Wildy logo
(020) 7242 5778
enquiries@wildy.com

Wildy’s Book News

Book News cover photo

Vol 21 No 10 Oct/Nov 2016

Book of the Month

Cover of Criminal Injuries Compensation Claims

Criminal Injuries Compensation Claims

Price: £99.95

Pupillage & Student Offers

Special Discounts for Pupils, Newly Called & Students

Read More ...


Secondhand & Out of Print

Browse Secondhand Online

Read More...


Genomic Negligence: An Interest in Autonomy as the Basis for Novel Negligence Claims Generated by Genetic Technology


ISBN13: 9780415859462
Published: May 2013
Publisher: Routledge-Cavendish
Country of Publication: UK
Format: Paperback (Hardback in 2011)
Price: £30.00
Hardback edition , ISBN13 9780415495189



This is a Print On Demand Title.
The publisher will print a copy to fulfill your order. Books can take between 1 to 3 weeks. Looseleaf titles between 1 to 2 weeks.

Advances in human genetics are set to revolutionise the way we think about our health. The increasing availability of genetic tests will lead to a situation where we know more about others and they know more about us.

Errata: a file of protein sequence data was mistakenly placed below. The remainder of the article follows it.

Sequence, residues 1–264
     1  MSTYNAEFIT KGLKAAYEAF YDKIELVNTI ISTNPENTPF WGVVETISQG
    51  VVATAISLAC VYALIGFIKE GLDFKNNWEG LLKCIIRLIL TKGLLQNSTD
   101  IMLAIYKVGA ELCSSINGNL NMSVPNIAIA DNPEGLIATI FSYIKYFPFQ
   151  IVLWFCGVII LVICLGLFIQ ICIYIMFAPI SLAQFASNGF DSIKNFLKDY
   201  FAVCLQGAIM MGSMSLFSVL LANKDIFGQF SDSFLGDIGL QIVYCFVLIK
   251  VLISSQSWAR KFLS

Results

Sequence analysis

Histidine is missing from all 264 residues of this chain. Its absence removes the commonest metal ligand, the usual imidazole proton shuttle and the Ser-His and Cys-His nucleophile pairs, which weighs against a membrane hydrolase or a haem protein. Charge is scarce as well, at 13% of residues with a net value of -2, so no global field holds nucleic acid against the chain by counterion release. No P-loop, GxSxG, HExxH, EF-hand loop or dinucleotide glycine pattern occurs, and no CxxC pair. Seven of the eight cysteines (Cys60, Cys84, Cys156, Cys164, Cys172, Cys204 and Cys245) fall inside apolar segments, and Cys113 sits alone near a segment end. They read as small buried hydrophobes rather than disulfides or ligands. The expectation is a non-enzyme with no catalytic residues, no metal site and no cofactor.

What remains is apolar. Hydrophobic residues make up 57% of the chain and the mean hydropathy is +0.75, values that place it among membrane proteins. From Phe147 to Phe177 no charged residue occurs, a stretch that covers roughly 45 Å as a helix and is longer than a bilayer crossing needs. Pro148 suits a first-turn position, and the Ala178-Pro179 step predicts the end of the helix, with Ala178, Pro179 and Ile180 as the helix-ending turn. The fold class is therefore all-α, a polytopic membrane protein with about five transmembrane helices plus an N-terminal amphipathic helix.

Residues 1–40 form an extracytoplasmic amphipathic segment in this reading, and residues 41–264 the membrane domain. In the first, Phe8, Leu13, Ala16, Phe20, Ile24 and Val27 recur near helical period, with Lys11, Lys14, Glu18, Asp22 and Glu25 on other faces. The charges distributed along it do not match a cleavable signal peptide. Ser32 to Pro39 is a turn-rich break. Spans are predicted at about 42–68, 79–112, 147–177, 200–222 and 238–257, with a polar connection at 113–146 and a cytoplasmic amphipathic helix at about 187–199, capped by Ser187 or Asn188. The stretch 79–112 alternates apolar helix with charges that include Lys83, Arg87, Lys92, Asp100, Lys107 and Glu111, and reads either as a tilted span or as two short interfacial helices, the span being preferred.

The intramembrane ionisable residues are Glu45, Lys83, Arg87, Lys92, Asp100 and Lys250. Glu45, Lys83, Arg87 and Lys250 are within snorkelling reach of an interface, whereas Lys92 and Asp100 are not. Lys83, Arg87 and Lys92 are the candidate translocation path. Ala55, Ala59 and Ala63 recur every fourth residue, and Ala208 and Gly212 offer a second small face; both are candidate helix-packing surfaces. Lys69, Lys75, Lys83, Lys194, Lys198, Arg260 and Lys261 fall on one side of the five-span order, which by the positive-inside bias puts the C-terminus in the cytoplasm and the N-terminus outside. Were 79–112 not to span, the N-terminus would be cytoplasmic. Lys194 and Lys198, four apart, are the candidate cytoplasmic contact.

Furthermore, genetic knowledge enables us to predict and modify our genetic future and the genetic future of subsequent generations.

Within the context of such changing social circumstances, this book identifies novel grievances that might be generated by modern human genetic technologies. In the absence of dedicated regulation, such novel grievances would be articulated via the tort system.

The book considers how the English tort regime might respond to the perceived wrongs identified as potentially arising from the application of new genetic technologies in health care settings. Following on from this, Genomic Torts considers whether a more claimant-orientated reaction to the perceived wrongs might arise if the English tort system were explicitly imbued with a recognition of an interest in personal autonomy.

Subjects:
Medical Law, Tort Law
Contents:
1. Introduction
2. Recent developments in human genetics
3. The culture of English negligence law
4. Theories of Autonomy
5. Negligence in reproductive genetics: the child’s perspective
6. Negligence in reproductive genetics: the parents’ perspective
7. Genetic information: the failure to warn
8. Genetic information: unwanted disclosure
9. Breach of autonomy – a new tort?
10. Conclusion